Khyentse Foundation, a nonprofit founded by the renowned Bhutanese lama, filmmaker, and author Dzongsar Jamyang Khyentse Rinpoche, announced that it has awarded this year’s Khyentse Foundation Prize for Outstanding Translation to Prof. Luis Gómez and Prof. Paul Harrison for their work on the English-language translation of the classic Sanskrit text Vimalakirtinirdesa: The Teaching of Vimalakirti.
A Sanskrit version of the influential Mahayana text Vimalakirtinirdesa was discovered in the Potala Palace, in the Tibetan capital Lhasa, by scholars from Japan’s Taisho University in 1999. Earlier English-language renderings of this classic Buddhist text had been based on Chinese or Tibetan translations rather than the original Sanskrit, which was long thought to be lost. The results of years of careful and scholarly work by Prof. Gómez (1943–2017) and Prof. Harrison since 2010 has resulted the this landmark English translation.
“The long collaboration between the two scholars in bringing this important work to fruition is a touching story of mutual trust and respect, confidence, and devotion in a lifelong friendship,” Khyentse Foundation stated in an announcement shared with BDG. (Khyentse Foundation)
Scholar of Buddhist studies Dr. Jan Nattier, who is this year’s nominating member on the committee for the KF Prize for Outstanding Translation, said of the translation of Vimalakirtinirdesa:
When word of the discovery of a Sanskrit manuscript of the Vimalakīrtinirdeśa began to circulate in the early 2000s, it sent shock waves throughout the Buddhist Studies world. Long known only in its Chinese and Tibetan translations, leaving scholars to guess what its original Indian terminology might have been, this highly influential text could now be consulted in an original Indic-language version.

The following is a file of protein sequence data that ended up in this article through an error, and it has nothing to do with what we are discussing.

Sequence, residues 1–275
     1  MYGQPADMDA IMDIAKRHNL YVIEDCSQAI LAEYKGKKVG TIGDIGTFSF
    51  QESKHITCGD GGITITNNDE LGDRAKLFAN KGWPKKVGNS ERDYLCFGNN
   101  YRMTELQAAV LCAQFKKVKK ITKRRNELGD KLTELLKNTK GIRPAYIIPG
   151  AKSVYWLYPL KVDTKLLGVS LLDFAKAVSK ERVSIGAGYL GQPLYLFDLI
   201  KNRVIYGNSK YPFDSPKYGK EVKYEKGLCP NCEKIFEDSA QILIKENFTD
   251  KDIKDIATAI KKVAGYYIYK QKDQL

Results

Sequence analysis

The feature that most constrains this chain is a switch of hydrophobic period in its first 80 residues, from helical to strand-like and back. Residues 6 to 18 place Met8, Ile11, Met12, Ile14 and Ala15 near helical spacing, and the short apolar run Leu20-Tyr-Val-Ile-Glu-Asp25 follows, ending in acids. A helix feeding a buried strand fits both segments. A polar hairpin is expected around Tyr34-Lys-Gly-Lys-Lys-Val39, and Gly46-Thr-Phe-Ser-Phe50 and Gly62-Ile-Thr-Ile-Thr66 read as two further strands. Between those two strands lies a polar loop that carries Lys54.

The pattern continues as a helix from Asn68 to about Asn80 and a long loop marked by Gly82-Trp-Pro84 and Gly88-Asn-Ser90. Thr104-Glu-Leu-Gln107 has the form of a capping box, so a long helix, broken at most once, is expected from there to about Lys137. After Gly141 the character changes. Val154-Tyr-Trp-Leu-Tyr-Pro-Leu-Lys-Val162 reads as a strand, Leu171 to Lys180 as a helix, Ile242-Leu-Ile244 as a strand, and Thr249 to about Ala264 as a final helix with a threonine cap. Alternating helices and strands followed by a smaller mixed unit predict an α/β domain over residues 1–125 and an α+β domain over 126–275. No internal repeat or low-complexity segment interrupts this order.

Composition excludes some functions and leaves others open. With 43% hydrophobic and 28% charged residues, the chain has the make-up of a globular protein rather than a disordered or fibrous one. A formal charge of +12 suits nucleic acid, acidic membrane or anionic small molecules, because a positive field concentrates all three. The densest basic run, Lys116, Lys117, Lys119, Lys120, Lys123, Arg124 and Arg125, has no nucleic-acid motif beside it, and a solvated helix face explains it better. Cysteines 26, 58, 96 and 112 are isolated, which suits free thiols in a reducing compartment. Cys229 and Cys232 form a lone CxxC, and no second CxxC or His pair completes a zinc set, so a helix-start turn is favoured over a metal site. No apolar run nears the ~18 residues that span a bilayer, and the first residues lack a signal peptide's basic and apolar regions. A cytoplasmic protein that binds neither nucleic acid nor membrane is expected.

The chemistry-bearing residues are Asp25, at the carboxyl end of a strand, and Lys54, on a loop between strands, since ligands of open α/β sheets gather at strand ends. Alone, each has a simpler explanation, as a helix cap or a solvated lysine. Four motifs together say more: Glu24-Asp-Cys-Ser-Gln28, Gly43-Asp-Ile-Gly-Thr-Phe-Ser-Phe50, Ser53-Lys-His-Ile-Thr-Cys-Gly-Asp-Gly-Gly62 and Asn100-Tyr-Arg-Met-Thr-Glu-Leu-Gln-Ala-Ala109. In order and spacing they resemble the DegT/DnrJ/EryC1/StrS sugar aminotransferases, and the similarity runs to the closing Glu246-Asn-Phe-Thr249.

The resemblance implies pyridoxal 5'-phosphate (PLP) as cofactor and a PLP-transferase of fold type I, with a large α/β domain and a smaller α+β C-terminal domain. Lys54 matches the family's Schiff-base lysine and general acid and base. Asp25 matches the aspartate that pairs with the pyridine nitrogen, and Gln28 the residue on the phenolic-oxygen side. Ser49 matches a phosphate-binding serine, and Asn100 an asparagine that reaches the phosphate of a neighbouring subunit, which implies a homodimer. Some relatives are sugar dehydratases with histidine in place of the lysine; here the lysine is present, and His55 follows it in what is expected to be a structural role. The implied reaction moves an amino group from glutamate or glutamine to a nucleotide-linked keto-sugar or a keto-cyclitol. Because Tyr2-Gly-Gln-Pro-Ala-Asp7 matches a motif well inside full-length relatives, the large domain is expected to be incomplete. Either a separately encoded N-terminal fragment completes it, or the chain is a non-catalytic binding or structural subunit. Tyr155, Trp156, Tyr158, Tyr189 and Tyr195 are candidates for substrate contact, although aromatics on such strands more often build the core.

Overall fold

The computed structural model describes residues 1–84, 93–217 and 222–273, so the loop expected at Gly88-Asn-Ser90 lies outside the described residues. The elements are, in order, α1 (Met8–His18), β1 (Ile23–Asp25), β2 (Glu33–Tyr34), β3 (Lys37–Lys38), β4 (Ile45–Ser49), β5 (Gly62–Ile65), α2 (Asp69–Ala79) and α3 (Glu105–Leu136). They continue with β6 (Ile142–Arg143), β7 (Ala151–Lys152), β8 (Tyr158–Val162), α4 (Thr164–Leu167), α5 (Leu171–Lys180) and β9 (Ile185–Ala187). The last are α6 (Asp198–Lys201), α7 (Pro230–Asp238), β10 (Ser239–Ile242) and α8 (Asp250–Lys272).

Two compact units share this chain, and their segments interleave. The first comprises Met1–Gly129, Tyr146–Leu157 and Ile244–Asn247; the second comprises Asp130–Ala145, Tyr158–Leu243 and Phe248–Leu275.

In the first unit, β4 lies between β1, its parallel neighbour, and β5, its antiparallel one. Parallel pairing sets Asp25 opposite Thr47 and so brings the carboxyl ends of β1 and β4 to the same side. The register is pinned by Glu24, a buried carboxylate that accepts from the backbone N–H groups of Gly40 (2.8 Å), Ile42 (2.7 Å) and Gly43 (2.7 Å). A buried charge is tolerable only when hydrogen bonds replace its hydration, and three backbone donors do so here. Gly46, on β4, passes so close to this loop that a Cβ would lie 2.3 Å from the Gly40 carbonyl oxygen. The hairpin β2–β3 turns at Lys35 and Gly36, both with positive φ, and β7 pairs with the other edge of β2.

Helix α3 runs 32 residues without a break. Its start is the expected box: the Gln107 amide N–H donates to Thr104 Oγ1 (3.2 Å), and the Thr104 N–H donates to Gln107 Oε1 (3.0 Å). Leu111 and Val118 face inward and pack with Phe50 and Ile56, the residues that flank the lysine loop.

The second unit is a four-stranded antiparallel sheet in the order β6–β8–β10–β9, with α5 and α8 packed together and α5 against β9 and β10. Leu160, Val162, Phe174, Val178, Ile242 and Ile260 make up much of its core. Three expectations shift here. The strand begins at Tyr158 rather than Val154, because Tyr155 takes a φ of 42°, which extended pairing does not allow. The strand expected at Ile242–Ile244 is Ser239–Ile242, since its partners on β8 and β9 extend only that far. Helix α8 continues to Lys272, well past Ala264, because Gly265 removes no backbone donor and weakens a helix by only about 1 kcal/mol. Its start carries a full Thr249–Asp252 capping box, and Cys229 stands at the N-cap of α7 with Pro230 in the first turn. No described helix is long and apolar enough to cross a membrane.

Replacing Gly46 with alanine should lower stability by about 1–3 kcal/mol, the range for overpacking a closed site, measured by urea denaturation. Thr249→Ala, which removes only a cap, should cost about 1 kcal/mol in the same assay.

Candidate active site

The news that Paul Harrison and the late Luis Gómez had embarked on a project to translate the newly discovered Sanskrit text was thus greeted with widespread enthusiasm. These two scholars, both leading figures in the field of Mahayana sutra literature, were uniquely qualified to produce a translation of this important text. The two worked on the translation over a period of several years, discussing and debating the rendition of every term. After Luis’s passing, Paul brought the project to completion, and the fruits of their joint labors are now available in print.(Khyentse Foundation)
The Khyentse Foundation Prize for Outstanding Buddhist Translation was established in 2011 to recognize and encourage excellence in the field of translation that contributes to the accessibility of Buddhist wisdom and literature in the public domain. To qualify for the prize, works must have been published in the two years preceding the award, and can include translations into English from any of the classical languages of Buddhism: Pali, Sanskrit, Tibetan, and Chinese.
Recalling his long collaboration with Prof. Gómez in translating this major work from Sanskrit, Prof. Harrison shared: